Bells for America
Bells for America
The Cold War, Modernism, and the Netherlands Carillon in Arlington
€ 25,95 excl. VAT
Number of pages
Publication date
17 x 24 x 2.5 cm
Table of Contents
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Introduction: Forestroke
Chapter 1: Bells for America
Chapter 2: The Smallest Bell (1952)
Chapter 3: Casting the Carillon (1954)
Chapter 4: A Modernist Bell Tower on the Monumental Axis (1960)
Chapter 5: A Cold War Relic (1995)
Conclusion: Echo of Dissonance

Reviews and Features

Bells collage (2)

"A fascinating story of a monument hidden in plain sight. It is as a work of writing that the book stands out-a work of feeling. Bells for America is a meditation on human society, on its failures and blunders and hopes. Almost always inharmonious, such a society still dreams of making perfect sounds."
- Alexander Nemerov, Carl and Marilynn Thoma Provostial Professor in the Arts and Humanities, Stanford University

"A great accomplishment of Oostdijk's history is to reveal the passions and machinations behind the carillon's deceptive simplicity. It is the rare piece of architecture writing that exposes what you can't see simply by looking at the work."
- Bradford McKee, Landscape Architecture Magazine

"Oostdijk's book recounts the bumpy ride of the Netherlands Carillon. In Washington, nothing that big and prominent is without controversy." - John Kelly, The Washington Post

“This cultural history, ostensibly on the esoteric subject of building a Dutch carillon in the U.S. capital, is also a first-rate diplomatic history book. Diederik Oostdijk uses his nation’s gift of gratitude for exploring America’s confusing Cold War policies. More importantly the physical well-being of this carillon – a musical instrument of fifty mostly dissonant bells housed in a modernist steel tower – serves as symbol for the geopolitical ups and downs in the post-World War era.” - Verena B. Drake, Journal of American History

"Bells for America presents a sophisticated interdisciplinary analysis, neatly combined with lively anecdotes as well as some more personal reflections. The book is visually appealing and well illustrated while the writing generally flows smoothly from the pages through colorful prose. It provides valuable contributions not just to the specific history of Dutch-American relations, but to broader academic debates about the role of monuments and commemorations, gift giving and expressions of gratitude – and the vital role of non-state actors in this context – as part of the broader diplomatic process." - Albertine Bloemendal, Diplomatica: A Journal of Diplomacy and Society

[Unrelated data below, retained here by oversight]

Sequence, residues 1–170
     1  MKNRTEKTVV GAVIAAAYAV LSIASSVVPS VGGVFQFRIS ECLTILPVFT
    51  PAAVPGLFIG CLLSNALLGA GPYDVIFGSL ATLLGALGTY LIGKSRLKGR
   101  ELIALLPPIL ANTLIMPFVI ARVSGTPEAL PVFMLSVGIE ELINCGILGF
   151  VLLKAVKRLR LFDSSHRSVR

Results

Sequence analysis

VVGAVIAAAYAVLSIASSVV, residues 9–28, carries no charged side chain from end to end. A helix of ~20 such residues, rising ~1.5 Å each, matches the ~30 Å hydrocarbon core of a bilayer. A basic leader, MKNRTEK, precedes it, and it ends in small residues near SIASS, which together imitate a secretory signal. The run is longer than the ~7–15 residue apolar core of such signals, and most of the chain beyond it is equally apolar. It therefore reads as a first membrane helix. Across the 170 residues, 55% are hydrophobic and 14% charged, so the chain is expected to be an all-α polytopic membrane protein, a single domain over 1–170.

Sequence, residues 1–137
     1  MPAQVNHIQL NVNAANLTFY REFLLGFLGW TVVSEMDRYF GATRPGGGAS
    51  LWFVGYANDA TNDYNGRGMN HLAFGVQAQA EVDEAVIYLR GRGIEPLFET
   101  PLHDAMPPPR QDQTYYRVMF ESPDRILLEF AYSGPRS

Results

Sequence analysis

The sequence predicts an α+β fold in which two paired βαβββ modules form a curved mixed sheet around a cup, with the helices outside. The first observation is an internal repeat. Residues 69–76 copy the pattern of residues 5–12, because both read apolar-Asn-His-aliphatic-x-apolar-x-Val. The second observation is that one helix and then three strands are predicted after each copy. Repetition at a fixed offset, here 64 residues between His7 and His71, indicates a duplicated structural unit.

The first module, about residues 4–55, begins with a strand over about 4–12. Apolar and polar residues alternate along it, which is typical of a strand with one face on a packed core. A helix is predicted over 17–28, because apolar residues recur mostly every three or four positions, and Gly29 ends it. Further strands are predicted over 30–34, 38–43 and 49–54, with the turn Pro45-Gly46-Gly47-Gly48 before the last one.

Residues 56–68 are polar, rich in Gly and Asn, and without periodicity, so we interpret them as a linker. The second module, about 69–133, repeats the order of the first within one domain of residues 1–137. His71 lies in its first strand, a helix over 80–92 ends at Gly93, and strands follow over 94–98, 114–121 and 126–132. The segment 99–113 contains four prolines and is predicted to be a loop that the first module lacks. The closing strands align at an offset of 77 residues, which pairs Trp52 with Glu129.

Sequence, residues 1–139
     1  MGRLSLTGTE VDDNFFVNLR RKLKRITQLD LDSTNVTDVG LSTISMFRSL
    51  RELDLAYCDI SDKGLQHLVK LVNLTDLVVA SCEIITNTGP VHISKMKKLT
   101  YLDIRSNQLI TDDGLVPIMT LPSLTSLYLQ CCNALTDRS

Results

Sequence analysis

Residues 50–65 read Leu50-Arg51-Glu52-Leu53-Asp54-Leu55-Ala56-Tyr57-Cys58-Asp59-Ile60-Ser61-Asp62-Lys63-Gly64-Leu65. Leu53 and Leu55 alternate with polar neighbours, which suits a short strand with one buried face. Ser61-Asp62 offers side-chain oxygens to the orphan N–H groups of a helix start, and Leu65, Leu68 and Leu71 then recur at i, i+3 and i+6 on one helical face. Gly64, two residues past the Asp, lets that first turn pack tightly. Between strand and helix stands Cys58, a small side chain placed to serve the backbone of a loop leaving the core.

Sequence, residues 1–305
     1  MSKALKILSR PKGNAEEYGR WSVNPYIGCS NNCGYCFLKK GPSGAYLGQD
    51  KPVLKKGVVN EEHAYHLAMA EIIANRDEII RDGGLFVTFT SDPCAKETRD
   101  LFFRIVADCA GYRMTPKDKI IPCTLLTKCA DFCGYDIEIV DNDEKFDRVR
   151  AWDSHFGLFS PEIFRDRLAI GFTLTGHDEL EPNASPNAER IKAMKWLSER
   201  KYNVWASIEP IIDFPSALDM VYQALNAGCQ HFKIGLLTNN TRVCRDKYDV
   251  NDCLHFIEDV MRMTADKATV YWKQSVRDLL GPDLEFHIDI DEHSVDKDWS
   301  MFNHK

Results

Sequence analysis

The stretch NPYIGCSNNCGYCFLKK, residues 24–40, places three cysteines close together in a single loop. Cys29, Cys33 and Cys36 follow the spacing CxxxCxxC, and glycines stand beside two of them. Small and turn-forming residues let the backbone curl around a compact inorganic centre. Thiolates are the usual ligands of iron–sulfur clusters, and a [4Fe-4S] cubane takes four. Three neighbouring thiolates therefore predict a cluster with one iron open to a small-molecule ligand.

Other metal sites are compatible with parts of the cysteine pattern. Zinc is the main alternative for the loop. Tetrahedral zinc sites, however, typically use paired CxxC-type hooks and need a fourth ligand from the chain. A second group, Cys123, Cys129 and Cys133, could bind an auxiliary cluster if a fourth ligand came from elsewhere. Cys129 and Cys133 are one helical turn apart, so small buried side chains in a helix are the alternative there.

Diederik Oostdijk

Bells for America

The Cold War, Modernism, and the Netherlands Carillon in Arlington

The Netherlands Carillon stands out in the American memorial landscape. Situated between Arlington National Cemetery and the Marine Corps War Memorial, the modernist bell tower is at odds with its surroundings, much in the same way that its prominent place is at odds with its absence in American memory.

Given to the United States in the 1950s by the Dutch government for America's role in the Dutch liberation during World War II and for the Marshall Plan aid, the carillon owes its conspicuous placement to the Cold War. Diederik Oostdijk traces the history of this monument, from the pageantry surrounding its presentation through its fall into disrepair and plans for its renewal. In so doing, he resolves the paradox of the carillon's placement in Arlington.

Interweaving art history, campanology, landscape architecture, literature, musicology, and diplomatic history, Bells for America recounts how the Netherlands and the United States reconstructed their national identities and fostered an international relationship in the postwar era through public art.

-- AVAILABLE ONLY IN THE BENELUX REGION (Belgium, the Netherlands and Luxembourg). For customers based in the U.K., U.S. and Canada, and Rest of World, please refer to the Penn State University Press edition (2019). --

Diederik Oostdijk

Diederik Oostdijk is Professor of English Literature at Vrije Universiteit Amsterdam. He is the author of Among the Nightmare Fighters: American Poets of World War II (2011).